Royal Museums of Fine Arts of Belgium.
“Aboriginalities” immerses you into the fascinating universe of Aboriginal painting – an art form that is both ancestral and contemporary, always rooted in spirituality. Far more than a simple physical and sensory experience, Aboriginal art invites us to rethink our connection to the earth and the universe. As a window on the spiritual, Aboriginal art tells the story of the creation of the world – called “Dreamtime”* – and the original link between humans and the earth. The numerous motifs (dotted lines, spirals, zigzags, crosshatching…) are passed down from generation to generation by members of the same community, concealing centuries-old secrets as well as a map of their territory.
This ancestral and highly symbolic art form was originally concealed: drawn in the sand or applied on rocks on territories forbidden to laypersons. But in the early 1970s, amidst struggles for the recognition of an Aboriginal identity, the Papunya Tula community translated their cultural practices and symbolic knowledge through paint. Using non-traditional methods borrowed from Western culture (acrylics, brushes, cardboard, and later canvas), the indigenous people of Australia found a modern way to express their cultural, political, social, and economic struggles.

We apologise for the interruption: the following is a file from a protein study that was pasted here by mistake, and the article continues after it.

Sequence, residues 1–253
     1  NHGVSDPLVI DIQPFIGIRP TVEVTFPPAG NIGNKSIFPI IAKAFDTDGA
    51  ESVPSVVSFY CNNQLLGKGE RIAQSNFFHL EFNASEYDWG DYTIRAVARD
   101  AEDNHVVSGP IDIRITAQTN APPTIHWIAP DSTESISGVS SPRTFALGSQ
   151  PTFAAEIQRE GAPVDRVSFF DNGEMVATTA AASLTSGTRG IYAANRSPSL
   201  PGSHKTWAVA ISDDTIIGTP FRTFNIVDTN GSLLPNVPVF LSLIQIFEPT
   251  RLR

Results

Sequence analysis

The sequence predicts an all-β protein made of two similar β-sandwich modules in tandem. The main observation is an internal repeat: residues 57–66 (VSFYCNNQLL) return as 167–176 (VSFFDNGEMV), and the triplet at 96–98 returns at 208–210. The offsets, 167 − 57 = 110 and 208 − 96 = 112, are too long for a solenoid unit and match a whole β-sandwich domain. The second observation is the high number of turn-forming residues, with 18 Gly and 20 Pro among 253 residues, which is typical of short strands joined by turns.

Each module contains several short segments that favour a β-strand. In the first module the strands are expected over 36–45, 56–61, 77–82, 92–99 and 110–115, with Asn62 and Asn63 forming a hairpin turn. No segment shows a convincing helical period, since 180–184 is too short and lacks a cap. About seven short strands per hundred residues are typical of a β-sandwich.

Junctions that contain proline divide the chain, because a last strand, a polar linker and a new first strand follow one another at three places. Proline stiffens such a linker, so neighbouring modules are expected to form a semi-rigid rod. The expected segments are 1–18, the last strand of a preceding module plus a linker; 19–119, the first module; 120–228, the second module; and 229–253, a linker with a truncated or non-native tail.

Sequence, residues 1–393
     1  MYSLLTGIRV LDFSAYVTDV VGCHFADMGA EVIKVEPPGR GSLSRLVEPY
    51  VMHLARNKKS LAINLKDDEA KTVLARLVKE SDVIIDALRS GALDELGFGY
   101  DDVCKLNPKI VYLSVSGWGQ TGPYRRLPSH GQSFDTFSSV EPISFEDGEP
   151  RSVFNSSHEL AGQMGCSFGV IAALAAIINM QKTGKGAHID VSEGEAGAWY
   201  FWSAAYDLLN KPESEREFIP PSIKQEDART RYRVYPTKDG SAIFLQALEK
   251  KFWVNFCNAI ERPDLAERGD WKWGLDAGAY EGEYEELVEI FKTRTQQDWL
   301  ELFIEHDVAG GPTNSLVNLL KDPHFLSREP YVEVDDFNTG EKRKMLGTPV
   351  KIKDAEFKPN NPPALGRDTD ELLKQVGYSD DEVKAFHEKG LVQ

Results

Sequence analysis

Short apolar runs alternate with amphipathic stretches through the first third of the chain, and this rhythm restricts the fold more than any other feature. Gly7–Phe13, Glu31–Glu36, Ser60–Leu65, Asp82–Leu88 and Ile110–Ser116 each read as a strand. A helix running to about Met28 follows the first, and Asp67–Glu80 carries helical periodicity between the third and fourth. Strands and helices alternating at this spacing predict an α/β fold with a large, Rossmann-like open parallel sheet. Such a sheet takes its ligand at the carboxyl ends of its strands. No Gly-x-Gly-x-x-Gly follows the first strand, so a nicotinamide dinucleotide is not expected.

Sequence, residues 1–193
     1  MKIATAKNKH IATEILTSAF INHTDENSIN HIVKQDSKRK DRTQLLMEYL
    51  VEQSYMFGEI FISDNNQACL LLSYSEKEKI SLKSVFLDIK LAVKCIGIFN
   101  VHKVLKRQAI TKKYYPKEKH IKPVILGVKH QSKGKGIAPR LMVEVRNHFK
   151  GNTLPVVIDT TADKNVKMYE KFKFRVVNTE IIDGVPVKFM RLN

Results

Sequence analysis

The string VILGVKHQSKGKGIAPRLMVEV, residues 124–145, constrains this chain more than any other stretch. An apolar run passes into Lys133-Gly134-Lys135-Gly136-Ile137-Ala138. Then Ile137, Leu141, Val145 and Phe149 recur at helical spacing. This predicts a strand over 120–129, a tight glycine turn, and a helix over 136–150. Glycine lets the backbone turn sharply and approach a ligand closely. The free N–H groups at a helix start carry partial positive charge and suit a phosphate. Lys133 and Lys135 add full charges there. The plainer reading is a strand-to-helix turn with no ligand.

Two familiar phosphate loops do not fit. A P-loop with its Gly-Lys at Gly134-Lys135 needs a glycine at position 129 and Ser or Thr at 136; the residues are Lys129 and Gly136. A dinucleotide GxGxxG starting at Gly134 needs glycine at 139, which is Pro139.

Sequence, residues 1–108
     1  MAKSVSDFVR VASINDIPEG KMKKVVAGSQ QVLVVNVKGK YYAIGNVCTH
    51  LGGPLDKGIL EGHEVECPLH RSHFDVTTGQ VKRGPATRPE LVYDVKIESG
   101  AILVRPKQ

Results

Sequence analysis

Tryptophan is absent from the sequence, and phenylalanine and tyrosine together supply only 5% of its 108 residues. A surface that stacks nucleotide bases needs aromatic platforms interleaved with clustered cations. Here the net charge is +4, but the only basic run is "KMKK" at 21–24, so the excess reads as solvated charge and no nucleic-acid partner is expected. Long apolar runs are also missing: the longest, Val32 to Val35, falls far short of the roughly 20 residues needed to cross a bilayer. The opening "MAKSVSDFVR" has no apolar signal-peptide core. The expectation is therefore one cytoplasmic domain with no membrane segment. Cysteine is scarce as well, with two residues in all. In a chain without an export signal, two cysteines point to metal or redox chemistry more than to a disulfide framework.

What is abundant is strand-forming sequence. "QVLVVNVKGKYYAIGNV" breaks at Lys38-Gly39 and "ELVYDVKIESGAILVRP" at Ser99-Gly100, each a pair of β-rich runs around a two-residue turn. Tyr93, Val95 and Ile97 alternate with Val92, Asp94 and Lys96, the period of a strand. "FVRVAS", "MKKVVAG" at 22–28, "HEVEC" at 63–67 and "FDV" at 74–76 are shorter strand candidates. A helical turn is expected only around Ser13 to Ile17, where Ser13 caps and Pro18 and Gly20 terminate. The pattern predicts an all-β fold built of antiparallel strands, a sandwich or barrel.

Vibrant and colourful, the exhibition “Aboriginalities” is built around part of the private collection of Marie Philippson, who has been passionate about modern culture and Aboriginal art for over 20 years. The exhibition shows over 150 paintings and objects, reflecting the extraordinary formal inventiveness of Aboriginal artists. At several intersections throughout the exhibition, a dozen works from the RMFAB’s modern art collection echo the subjects addressed by these “Dreamtime” artists, questioning our relationship to the visible and the invisible.
(*Dreamtime as translation of Tjukurrtjana)